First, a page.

Uncovering the true scale of a neglected zoonotic disease
In sub-Saharan Africa, anthrax is a serious, often fatal, zoonotic disease that is chronically underreported. There is little data on the number of people and animals affected despite rural communities having dealt with the disease for generations. Now, a team of researchers, led by Dr Tiziana Lembo and Dr Taya Forde from the Institute of Biodiversity, Animal Health & Comparative Medicine, are working with Maasai communities in Tanzania to understand the impact of this disease with the aim of making it more visible to policymakers and the wider world.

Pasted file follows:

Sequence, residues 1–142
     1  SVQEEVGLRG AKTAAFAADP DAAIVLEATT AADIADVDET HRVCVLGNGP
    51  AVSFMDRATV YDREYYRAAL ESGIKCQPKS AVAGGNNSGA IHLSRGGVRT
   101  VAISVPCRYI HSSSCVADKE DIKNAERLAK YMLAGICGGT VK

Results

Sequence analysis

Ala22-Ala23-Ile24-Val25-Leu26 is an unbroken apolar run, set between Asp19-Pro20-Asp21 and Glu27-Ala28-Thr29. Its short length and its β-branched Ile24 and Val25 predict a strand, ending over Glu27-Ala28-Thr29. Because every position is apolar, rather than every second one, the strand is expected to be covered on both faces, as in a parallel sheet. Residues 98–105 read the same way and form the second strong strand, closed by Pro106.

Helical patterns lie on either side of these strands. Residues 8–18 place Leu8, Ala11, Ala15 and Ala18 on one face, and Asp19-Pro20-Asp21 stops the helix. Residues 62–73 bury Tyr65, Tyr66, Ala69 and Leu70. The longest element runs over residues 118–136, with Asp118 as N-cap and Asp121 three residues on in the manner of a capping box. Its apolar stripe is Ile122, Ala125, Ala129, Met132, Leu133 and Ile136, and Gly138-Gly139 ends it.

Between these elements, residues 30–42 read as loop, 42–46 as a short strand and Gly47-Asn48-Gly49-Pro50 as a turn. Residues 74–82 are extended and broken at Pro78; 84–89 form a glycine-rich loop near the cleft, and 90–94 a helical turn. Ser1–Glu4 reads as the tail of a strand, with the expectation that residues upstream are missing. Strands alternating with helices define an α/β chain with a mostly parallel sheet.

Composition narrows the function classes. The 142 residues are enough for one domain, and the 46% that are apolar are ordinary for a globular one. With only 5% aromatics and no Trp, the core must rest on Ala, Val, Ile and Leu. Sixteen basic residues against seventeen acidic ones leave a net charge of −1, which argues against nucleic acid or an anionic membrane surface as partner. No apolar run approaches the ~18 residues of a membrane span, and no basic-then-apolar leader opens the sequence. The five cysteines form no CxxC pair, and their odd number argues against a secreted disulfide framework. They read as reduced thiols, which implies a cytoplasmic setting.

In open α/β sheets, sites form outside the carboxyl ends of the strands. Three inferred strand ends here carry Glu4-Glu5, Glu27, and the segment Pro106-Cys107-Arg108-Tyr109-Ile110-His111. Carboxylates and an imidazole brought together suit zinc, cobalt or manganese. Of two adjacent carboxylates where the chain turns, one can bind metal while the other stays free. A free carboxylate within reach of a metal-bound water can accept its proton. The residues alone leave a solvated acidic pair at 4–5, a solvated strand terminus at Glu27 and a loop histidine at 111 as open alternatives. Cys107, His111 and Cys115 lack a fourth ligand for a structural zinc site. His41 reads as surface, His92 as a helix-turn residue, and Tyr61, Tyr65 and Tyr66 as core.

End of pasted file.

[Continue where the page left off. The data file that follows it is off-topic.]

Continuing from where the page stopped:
Anthrax is an infection caused by the bacterium Bacillus anthracis. It forms highly resistant spores that live in the soil for long periods of time. The disease primarily affects herbivorous livestock and wildlife who ingest the spores when grazing on contaminated soil. Humans contract the disease when they come into contact with the spores through inhaling or ingesting them, or when the spores enter their skin, usually through a cut. In Africa, people most commonly contract the cutaneous form of anthrax through handling carcasses of livestock that have died from the disease. Symptoms range from treatable skin lesions to sepsis affecting the whole body. Anthrax can be treated with antibiotics unless it becomes systemic in which case it is only a short time before it turns fatal.